TOEFL IBT Listening Practice Test 29 from Official TOEFL iBT Test

TOEFL IBT Listening Practice Test 29 from Official TOEFL iBT Test with Audio Volume 1

Listening Section Directions
This test measures your ability to understand conversations and lectures in English.The Listening section is divided into 2 separately timed parts. In each part you will listen to 1 conversation and 2 lectures. You will hear each conversation or lecture only one time.

After each conversation or lecture, you will answer questions about it. The questions typically ask about the main idea and supporting details. Some questions ask about a speaker’s purpose or attitude. Answer the questions based on what is stated or implied by the speakers.

You may take notes while you listen. You may use your notes to help you answer the questions. Your notes will not be scored. If you need to change the volume while you listen, click on the Volume icon at the top of the screen.

In some questions, you will see this icon: This means you will hear, but not see, part of the question. Some of the questions have special directions. These directions appear in a gray box on the screen.

Most questions are worth 1 point. If a question is worth more than 1 point, it will have special directions that indicate how many points you can receive. You must answer each question. After you answer, click on Next. Then click on OK to confirm your answer and go on to the next question. After you click on OK, you cannot return to previous questions.

A clock at the top of the screen will show you how much time is remaining. The clock will not count down while you are listening. The clock will count down only while you are answering the questions.

TOEFL IBT Listening Practice Test 29 from Official TOEFL iBT Test with Audio Volume 1

Question 1-5: Answer the questions.

1.Why does the student go to the career services office?

  • To confirm the date and time of the career fair
  • To learn the location of the career fair
  • To find out if he is allowed to attend the career fair
  • To get advice about interviewing at the career fair

2.Why does the student think that companies’ representatives would not be interested in talking to him?

  • He will not be graduating this year.
  • He is not currently taking business classes.
  • He has not declared a major yet.
  • He does not have a current résumé.

3.What does the woman imply about the small print on the career fair posters and flyers?

  • The information in the small print was incomplete.
  • The print was smaller than she expected it to be.
  • The information the small print contains will be updated.
  • The information in the small print will be presented in a more noticeable way.

4.What does the woman say is a good way for the student to prepare for speaking to companies’ representatives? Choose 2 answers.

  • Take some business classes
  • Familiarize himself with certain businesses beforehand
  • Have questions ready to ask the representatives
  • Talk to people who work for accounting firms

5.Listen to Track 43.

  • To acknowledge that he cannot go to this year’s career fair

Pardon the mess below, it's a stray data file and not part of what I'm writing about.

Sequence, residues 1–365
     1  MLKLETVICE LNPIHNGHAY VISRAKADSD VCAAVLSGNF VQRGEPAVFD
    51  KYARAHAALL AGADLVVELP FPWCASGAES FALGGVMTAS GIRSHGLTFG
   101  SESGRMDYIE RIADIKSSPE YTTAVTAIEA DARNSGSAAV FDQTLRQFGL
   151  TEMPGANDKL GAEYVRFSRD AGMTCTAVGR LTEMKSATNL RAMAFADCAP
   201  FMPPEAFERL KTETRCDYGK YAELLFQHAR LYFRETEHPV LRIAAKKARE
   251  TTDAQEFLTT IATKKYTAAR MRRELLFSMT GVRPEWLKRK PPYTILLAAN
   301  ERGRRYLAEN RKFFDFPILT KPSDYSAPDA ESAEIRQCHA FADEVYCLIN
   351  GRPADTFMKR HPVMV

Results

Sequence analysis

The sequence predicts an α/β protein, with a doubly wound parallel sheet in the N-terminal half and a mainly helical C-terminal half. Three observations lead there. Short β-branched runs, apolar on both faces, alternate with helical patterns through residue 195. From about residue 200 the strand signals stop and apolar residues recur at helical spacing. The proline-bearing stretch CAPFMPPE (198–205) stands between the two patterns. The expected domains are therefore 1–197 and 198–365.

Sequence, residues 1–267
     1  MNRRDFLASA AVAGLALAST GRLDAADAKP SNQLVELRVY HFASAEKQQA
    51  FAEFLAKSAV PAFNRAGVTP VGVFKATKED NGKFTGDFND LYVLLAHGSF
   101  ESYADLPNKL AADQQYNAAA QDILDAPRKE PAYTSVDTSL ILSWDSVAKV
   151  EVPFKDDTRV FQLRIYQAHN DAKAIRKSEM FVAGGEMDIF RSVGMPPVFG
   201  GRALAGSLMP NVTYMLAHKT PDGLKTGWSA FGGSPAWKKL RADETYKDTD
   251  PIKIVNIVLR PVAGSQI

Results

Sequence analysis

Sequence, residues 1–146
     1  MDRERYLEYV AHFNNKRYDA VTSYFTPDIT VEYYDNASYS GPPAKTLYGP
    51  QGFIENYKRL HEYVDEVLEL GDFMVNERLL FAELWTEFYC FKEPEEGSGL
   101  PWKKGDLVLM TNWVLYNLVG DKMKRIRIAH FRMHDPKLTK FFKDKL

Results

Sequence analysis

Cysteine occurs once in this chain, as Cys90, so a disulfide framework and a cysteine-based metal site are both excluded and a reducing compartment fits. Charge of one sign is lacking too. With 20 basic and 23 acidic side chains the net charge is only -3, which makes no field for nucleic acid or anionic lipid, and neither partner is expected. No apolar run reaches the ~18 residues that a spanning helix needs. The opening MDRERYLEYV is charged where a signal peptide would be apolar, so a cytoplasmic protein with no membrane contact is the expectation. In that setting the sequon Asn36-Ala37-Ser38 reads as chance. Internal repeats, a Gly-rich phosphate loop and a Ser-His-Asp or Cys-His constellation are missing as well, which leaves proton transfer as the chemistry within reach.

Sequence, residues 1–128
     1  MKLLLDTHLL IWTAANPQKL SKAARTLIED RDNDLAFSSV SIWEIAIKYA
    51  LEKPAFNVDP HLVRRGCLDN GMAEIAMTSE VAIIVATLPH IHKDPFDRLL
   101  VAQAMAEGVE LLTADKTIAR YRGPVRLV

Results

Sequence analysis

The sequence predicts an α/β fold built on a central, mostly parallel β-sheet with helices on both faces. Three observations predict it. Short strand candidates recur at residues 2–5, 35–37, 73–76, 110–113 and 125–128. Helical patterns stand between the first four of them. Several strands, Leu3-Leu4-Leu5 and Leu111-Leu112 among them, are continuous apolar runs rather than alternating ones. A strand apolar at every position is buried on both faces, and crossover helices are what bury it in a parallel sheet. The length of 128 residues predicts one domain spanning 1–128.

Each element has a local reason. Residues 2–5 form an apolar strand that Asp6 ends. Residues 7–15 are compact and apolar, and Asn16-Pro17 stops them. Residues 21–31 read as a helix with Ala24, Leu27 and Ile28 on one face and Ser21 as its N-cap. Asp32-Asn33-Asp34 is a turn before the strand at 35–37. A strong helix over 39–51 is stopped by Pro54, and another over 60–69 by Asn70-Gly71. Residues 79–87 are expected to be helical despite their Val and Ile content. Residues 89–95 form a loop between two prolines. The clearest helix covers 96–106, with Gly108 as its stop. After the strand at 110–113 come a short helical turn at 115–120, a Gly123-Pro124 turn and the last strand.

• To acknowledge the amount of preparation he will have
  • To indicate that he has school work he must complete before the career fair
  • To indicate that he needs to go to his job now
    • Directions: Listen to Track 44.

Question 6-11: Answer the questions.

6.What is the main purpose of the talk?

  • To show what happens after an economy has experienced a boom-and bust cycle
  • To illustrate the conditions needed to produce a boom-and-bust cycle
  • To demonstrate how boom-and-bust cycles have changed over time
  • To explain why the boom-and-bust cycle is not a frequent historical occurrence

7.What is the professor’s opinion about the dot-com crash?

  • She thinks that people should have realized it would happen.
  • She does not believe that anything like it will happen again.
  • She is surprised that it did not have more serious consequences.
  • She is confident that people learned a valuable lesson from it.

8.According to the professor, where did tulips originate?

  • In the mountains of central Asia
  • In the region around Istanbul in Turkey
  • In the sandy soils of the Netherlands
  • In the forests of northern Europe

9.Why does the professor mention a merchant who ate tulip bulbs?

  • To explain how the Turks introduced the flower to European visitors
  • To explain what happened to tulip bulbs that did not produce desirable colors
  • To give an example of one way that the rich in the Netherlands showed off their wealth
  • To illustrate her point that Europeans were unfamiliar with the flower

10.What were some of the factors that contributed to the tulip craze in the Netherlands in the seventeenth century? Choose 3 answers.

  • Wealthy gardeners liked to compete for rare plants.
  • The number of people with disposable income was growing.
  • Tulip bulbs were initially cheap and easy to obtain.
  • Tulips in the wild bloomed in unusual color combinations.
  • The tulip market was not regulated by the government.
  • The professor mentions the practice of trading promissory notes in the Netherlands in the 1630s.

11.What does this practice explain? Choose 2 answers.

  • Why tulips replaced gold as a form of currency
  • Why buyers were no longer interested in owning actual tulips
  • Why borrowing in the Netherlands increased on a significant scale
  • Why the middle class in the Netherlands expanded in size
  • Directions: Listen to Track 45.